Collector’s Eye: Craig & Barbara Barrett

In some ways, Craig and Barbara Barrett bought a sprawling Montana ranch for the wall space. They just didn’t know it.

Twenty-two years ago, after visiting the Bitterroot Valley’s Triple Creek Ranch as guests for five years, the high-powered, Phoenix-based couple bought the place. Today, every inch of this spectacular hideaway — it was voted the “number one hotel in the world” by readers of Travel & Leisure in 2014 — is covered with art that both reflects and elevates the West they love. It’s in the kitchen. It’s in the bathrooms. Behind the doors. Everywhere.

“We have two collections,” says Craig, retired CEO of Intel and a tireless collector of Western art. The collection in Montana that fills the ranch and their personal home is made up of paintings, watercolors and sculpture by such masters as Russell and Remington and by contemporary artists including Oleg Stavrowsky, Ed Mell, William Matthews and Veryl Goodnight. Their annual trips to The Russell weekend in Great Falls usually require a separate van for transporting acquisitions. “I guess that’s how you know you are a collector,” Craig says.

The Barretts’ collection in Arizona — where she is chairman of the Aerospace Corporation — is primarily Indian pottery, some of which dates back 1,000 years. “Both [collections] were founded on a love for the West and an appreciation for artistry,” Craig says.

Their love for art is evident not only on the walls of Triple Creek Ranch, but also in the way they run things. In addition to hosting weekly cocktail parties and informal art tours for ranch guests in their private home, twice a year the couple invites their favorite artists — from Andy Thomas and Greg Kelsey to Nancy Dunlop Cawdrey, Carol Hagan and Brent Cotton — to teach and mingle with guests over a long weekend. Even Craig picks up a brush then.

“It helps to have had a drink or two,” he laughs.

For this couple, sharing their passion for art comes just as easily and matters just as much — maybe more — as collecting it. 

WA&A: What inspires you to collect art?

Craig Barrett: That’s easy: We love Western art and we have lots of wall space at our ranch.

WA&A: What was the first work you purchased and what made you choose it? 

C.B.: Our first purchase was two pieces by painter Jason Rich. One is three horses standing in a field. The other is a cowboy leading a horse across a stream. We fell in love with his work at a gallery in Park City in 1998. He’s the youngest CA [Cowboy Artists of America] and he is one of the artists that comes here to the ranch every fall. The first work we bought at auction was an oval painting of Blackfoot Indians by Olaf Seltzer at the C.M. Russell auction. It was a spontaneous bid but we liked it and got it in the end, just as the auctioneer was about to pronounce it sold. He had the ‘S-O’ out but not the ‘L-D.’

WA&A: What is your most beloved piece, and why?

C.B.: Because our ranch is in a forest fire area we have to worry about what to save first. For me, it would be a Russell watercolor called Antelope Hunt. It’s a Plains Indian stalking an antelope. That was our first really significant piece from a dollar standpoint. But, actually, there are a lot of other ones in the same room that I’d grab, too.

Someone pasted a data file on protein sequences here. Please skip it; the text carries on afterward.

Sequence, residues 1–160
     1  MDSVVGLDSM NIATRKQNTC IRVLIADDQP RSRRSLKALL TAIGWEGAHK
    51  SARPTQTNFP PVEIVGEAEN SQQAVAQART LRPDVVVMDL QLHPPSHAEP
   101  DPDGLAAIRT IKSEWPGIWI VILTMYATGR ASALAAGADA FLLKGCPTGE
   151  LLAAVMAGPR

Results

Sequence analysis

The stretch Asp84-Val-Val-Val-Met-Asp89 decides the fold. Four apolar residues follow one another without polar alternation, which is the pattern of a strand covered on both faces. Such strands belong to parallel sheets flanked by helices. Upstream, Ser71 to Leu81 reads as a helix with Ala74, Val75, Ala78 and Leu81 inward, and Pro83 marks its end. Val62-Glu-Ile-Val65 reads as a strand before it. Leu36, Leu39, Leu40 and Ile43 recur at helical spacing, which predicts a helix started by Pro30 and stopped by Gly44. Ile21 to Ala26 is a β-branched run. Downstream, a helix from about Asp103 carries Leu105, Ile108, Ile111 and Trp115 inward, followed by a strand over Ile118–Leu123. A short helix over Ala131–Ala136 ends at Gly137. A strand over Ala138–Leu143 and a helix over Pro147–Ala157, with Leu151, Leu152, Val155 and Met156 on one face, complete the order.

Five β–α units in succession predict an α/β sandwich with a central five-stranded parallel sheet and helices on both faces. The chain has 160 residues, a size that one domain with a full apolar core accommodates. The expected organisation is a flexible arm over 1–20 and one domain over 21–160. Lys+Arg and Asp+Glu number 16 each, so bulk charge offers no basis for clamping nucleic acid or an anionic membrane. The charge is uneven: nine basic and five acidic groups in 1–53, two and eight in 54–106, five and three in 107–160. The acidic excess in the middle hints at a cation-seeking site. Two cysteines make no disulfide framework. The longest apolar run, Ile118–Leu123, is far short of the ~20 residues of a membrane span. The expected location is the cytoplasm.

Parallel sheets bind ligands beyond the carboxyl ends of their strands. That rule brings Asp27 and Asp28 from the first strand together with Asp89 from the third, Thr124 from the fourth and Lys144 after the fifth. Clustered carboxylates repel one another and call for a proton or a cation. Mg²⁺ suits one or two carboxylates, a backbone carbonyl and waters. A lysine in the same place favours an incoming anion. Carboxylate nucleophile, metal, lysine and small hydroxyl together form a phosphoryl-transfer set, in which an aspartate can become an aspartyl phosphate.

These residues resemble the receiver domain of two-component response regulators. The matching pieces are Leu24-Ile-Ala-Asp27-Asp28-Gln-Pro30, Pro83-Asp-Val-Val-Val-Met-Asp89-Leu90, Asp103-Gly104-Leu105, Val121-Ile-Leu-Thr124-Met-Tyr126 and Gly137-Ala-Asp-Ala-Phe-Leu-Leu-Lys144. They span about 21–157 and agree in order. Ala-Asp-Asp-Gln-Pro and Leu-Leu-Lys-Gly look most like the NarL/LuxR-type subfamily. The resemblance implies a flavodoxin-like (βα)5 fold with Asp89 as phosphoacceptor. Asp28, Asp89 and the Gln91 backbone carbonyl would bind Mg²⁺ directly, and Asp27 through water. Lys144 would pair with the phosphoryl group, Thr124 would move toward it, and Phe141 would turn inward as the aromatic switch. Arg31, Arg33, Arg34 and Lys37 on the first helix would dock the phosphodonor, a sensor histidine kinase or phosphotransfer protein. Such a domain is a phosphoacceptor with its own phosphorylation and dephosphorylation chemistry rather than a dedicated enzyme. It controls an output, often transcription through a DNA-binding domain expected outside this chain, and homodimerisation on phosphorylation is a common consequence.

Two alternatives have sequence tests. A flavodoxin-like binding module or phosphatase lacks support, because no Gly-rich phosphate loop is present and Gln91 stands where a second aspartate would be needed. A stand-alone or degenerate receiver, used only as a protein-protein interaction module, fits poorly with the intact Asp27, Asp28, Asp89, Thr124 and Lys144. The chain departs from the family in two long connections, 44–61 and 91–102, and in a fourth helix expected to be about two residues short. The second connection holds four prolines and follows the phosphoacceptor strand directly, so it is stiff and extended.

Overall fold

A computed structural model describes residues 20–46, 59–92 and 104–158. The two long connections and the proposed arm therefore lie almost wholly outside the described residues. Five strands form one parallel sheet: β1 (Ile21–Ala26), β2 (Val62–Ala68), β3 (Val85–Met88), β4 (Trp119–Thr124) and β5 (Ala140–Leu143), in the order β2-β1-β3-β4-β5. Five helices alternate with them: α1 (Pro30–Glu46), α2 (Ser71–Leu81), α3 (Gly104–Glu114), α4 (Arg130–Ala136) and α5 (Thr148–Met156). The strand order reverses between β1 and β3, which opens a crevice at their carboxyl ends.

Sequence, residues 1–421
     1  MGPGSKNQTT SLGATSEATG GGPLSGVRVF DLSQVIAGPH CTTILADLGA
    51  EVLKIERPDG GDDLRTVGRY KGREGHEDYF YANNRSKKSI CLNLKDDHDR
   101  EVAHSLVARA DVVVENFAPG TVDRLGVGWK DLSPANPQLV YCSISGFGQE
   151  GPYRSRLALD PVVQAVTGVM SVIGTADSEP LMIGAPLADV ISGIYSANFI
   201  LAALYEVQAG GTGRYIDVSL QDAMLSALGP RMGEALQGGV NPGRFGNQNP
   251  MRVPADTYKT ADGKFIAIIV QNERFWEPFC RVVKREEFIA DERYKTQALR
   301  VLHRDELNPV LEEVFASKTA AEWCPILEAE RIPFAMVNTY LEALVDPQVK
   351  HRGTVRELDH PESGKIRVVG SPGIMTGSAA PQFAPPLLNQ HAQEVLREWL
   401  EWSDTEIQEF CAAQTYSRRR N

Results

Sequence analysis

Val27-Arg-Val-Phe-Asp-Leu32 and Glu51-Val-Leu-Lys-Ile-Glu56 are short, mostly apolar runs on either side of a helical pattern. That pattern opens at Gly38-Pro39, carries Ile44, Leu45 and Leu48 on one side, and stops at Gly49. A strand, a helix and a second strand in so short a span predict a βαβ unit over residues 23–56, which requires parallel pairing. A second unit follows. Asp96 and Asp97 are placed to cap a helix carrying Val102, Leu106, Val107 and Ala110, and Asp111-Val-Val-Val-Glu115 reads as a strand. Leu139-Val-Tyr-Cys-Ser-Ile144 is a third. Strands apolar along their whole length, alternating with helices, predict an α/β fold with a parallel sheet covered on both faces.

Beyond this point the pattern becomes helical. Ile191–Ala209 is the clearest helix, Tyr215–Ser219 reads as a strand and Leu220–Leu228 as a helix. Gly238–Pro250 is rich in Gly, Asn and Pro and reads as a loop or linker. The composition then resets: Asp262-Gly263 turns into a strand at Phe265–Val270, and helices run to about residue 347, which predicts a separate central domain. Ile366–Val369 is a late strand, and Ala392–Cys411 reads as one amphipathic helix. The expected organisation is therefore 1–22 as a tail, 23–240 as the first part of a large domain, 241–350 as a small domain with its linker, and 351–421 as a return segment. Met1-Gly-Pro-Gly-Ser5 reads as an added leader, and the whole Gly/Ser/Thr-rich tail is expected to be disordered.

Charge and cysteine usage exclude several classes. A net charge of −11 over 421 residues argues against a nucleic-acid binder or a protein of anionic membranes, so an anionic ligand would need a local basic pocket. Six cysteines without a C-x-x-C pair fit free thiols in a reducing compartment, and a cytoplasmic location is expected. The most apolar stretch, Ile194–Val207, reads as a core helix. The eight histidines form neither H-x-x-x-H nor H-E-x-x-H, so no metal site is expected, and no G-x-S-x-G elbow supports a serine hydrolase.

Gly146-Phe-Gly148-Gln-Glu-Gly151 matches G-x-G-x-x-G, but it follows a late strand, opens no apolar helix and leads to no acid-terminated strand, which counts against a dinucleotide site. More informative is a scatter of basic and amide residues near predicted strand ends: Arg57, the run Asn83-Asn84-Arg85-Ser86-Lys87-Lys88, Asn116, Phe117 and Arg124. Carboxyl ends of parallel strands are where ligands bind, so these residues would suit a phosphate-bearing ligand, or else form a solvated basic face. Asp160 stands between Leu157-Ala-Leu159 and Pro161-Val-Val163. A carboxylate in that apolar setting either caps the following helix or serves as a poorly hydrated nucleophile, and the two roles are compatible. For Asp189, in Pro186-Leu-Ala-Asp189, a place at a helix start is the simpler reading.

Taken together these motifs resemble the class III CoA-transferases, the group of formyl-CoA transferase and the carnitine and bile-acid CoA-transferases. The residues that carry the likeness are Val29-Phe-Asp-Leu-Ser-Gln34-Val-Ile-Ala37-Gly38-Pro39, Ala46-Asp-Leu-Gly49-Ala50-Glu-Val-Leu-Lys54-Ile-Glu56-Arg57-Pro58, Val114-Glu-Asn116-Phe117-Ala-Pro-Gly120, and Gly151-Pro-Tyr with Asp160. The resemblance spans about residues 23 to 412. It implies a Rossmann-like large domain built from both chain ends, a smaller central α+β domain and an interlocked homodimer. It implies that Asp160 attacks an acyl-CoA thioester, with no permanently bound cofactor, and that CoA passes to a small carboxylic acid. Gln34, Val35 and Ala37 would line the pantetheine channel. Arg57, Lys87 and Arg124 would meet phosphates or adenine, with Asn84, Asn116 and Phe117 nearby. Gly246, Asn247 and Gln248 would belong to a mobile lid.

WA&A: When did you realize you were a collector?

C.B.: Probably going to The Russell art auction every year, coming home with numerous purchases and getting to know many contemporary artists. I guess you know you’re a collector when people start bringing you art instead of you going out to look for it.

WA&A: With which deceased artist would you most like to have had dinner?  

C.B.: This is a close call. Charlie Russell is an easy choice because he was bigger than life. But I also have an infatuation with Edward Borein. He had a lot in common with Russell. Russell, Sharp, Couse, Paxton, Borein … Barbara and I could host those five and their spouses. How about a small dinner party? That’d be fun.

WA&A: What was the one that got away?

C.B.: There was a local auction near our ranch about 10 years ago. Larry Pirnie had a piece in the silent auction. I was bidding on it against Jim McNerney, then the CEO of Boeing, and Brent Musburger. I was the only one of the three who knew the street value of the painting. We took turns at the clipboard, each outbidding the one before. The painting was worth $6,000 to $8,000, but bidding was brisk. We got up to $15,000. Musburger opted out then, but Jim and I kept going. It was a charity event, after all. The painting sold for about $32,000. When there was 30 seconds left to bid, I went over once more to the clipboard. Jim and I are friends, but I turned around to the coldest stare. He was convinced that I’d topped him. Instead, I’d written, “Congratulations Jim, I hope you enjoy the painting.” But nothing ever gets away totally. Someone from the gallery approached me immediately and said, “If you like that painting, we have another one at the gallery that is better, bigger and half the price.” So the bigger painting is now hanging at Triple Creek. We laugh about it.

WA&A: Where do you see your collection in 100 years?

C.B.: That’s really tough. The Indian pottery will probably be left to a museum, like the Heard Indian Museum or the Smithsonian. For the paintings, I’d like to see much of the work still hanging at Triple Creek Ranch. It’s not a private collection as we share it with all our guests. We want people to see what the Indian culture looked like over 200 years ago, and what the cowboy culture looked like over 100 years ago.

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